Many scholars have discussed the ways in which former East and West Germany are not reuniting, but how the wall in people’s minds remains while the remnants of the actual wall have long been destroyed. The author of this book thus approaches the question of Germany’s unity by looking at its future - the children that were born post Germany's reunification. Through a discourse analyses in 10th grade history classrooms of former East and West Berlin high schools, this book addresses matters of national identity and unity from a linguistic anthropological standpoint. Based on Michael Billig’s theory that national identities are inculcated through every-day banal interactions, student-teacher communication is examined through the lenses of language socialization and language ideology. Here, the speakers’ use of pronouns and greeting practices and the juxtaposition of the local Berlin dialect to the German standard language are analyzed in their power to create a shared national identity.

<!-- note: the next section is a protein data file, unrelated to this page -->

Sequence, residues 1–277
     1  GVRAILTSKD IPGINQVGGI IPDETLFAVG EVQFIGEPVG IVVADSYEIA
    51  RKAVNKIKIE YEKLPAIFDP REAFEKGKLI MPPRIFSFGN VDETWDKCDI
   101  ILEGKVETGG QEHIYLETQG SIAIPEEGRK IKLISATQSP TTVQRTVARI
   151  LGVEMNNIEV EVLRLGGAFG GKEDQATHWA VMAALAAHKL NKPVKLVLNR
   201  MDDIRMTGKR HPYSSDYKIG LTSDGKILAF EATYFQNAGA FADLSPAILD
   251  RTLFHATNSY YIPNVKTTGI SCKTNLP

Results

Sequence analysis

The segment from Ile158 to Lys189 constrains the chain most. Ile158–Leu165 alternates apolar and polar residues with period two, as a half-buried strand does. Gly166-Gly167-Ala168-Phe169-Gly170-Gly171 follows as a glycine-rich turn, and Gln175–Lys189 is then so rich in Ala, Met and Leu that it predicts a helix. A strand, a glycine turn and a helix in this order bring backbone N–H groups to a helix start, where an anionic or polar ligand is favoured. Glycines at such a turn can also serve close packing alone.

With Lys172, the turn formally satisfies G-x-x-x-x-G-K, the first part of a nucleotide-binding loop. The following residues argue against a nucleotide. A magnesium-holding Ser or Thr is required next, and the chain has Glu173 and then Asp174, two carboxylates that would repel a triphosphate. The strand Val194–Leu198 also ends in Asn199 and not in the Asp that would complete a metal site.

This book gives new insights to anyone interested in Germany's reunification process from a micro-analytical, bottom-up perspective.